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“Bite-Size Bits of Local, National, and Global History”
Grants Pass in Josephine County, Oregon — The American West (Northwest)
 

Mormon Sugar Beet Factory Site

 
 
Mormon Sugar Beet Factory Site Marker image. Click for full size.
By Douglass Halvorsen, December 9, 2017
1. Mormon Sugar Beet Factory Site Marker
Inscription. On this site in 1916, the Oregon Utah Sugar Company erected a large beet factory. C.W. Nibley, director of the company and presiding bishop of The Church of Jesus Christ of Latter-day Saints (Mormons/L.D.S.), oversaw the project. Nibley's sons, Alex, Merrill, and D. J.O., and other Mormons knowledgeable in related areas were sent to secure contracts, educate the local residents about beet farming, supervise construction of the plant, and run the operation once the factory was completed.

The sugar factory, though short lived, brought considerable attention and growth to the Rogue Valley. It provided employment for more than 150 people in its construction and operation. Over 700,000 bricks were supplied by a local brick maker, C.E. Woolfolk. Area ranches fattened their cattle on beet pulp, and nearby lime quarry was kept busy. On October 24, 1916, and open house and gala celebration, known as "Sugar Day," marked the first day of its operation. The event was covered by Pathe News, the Grants Pass Daily Courier, and other regional newspapers. Early in 1917, a branch of the L.D.S. Church, with 38 members, was organized in Grants Pass by Melvin J. Ballard. James Hood was branch president, and Jamima Hood served as Relief Society president.

At least 5,000 acres of land with sufficient irrigation were needed to make the venture
Mormon Sugar Beet Factory Site Marker image. Click for full size.
By Douglass Halvorsen, December 9, 2017
2. Mormon Sugar Beet Factory Site Marker
a success. Because the full amount of land and water could not be secured, the project was unable to survive its second year. The entire operation was dismantled and moved to Toppenish, Washington. By the end of 1918, all that remained of the Mormon Sugar Beet Factory was a pile of broken bricks and its huge cement foundations, part of which still exists under the asphalt parking lot of the Fruitdale Grange. The Grange acquired a portion of the factory property in May of 1930 and joined with the Josephine Company-Grants Pass Camp of the Daughters of Utah Pioneers in preserving this historical site.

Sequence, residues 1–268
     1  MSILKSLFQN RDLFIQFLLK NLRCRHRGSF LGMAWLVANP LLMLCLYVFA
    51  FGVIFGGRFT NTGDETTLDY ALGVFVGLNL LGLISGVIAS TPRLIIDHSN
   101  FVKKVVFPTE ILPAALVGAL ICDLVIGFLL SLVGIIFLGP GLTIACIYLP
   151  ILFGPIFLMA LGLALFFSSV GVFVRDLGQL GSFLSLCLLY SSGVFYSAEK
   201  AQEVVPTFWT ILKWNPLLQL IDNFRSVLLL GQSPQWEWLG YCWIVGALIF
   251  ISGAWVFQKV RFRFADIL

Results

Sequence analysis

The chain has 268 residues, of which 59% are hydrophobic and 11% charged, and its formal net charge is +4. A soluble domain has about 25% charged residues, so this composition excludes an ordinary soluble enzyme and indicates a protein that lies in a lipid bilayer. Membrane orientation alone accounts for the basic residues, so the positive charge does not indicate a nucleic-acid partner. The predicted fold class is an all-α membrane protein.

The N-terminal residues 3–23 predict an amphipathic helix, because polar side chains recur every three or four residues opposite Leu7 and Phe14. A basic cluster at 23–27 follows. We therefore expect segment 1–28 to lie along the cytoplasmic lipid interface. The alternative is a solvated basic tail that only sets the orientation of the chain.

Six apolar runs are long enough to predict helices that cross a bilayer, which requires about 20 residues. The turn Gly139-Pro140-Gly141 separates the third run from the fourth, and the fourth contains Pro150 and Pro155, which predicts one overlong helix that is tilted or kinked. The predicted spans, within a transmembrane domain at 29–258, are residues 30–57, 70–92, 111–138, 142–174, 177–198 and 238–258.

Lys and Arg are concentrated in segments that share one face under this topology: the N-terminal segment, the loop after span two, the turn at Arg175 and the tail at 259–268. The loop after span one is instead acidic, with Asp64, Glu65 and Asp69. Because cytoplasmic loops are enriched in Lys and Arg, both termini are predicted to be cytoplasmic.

Erected 1999 by Josephine Company-Grants Pass Camp. (Marker Number 524.)
 
Marker series. This marker is included in the Daughters of Utah Pioneers marker series.
 
Location. 42° 25.43′ N, 123° 19.213′ W. Marker is in Grants Pass, Oregon, in Josephine County. Marker is at the intersection of Parkdale Drive and Rogue River Hwy (U.S. 66) on Parkdale Drive. Touch for map. Marker is in this post office area: Grants Pass OR 97527, United States of America.
 
Other nearby markers. At least 8 other markers are within 6 miles of this marker, measured as the crow flies. Riverside Park Memorial Flagpole (approx. half a mile away); Riverside Park War Memorial (approx. half
Mormon Sugar Beet Factory Site Marker image. Click for full size.
By Douglass Halvorsen, December 9, 2017
3. Mormon Sugar Beet Factory Site Marker
a mile away); Josephine County Peace Memorial (approx. half a mile away); Union Veterans of the Civil War (approx. 0.6 miles away); Memorial to Our Fathers (approx. 0.6 miles away); The Perkinsville Ferry (approx. mile away); The First Brick Building in Grants Pass (approx. 1.1 miles away); Fort Vannoy (approx. 5.2 miles away). Touch for a list and map of all markers in Grants Pass.
 
More about this marker. Marker is located in front of the Fruitdale Grange Hall. The bricks that make up the monument are from the original beet factory.
 
Categories. AgricultureIndustry & Commerce
 
Mormon Sugar Beet Factory Site Marker image. Click for full size.
By Douglass Halvorsen, December 9, 2017
4. Mormon Sugar Beet Factory Site Marker
 
 
Credits. This page was last revised on January 15, 2018. This page originally submitted on January 11, 2018, by Douglass Halvorsen of Klamath Falls, Oregon. This page has been viewed 85 times since then. Photos:   1, 2, 3, 4. submitted on January 11, 2018, by Douglass Halvorsen of Klamath Falls, Oregon. • Bill Pfingsten was the editor who published this page.
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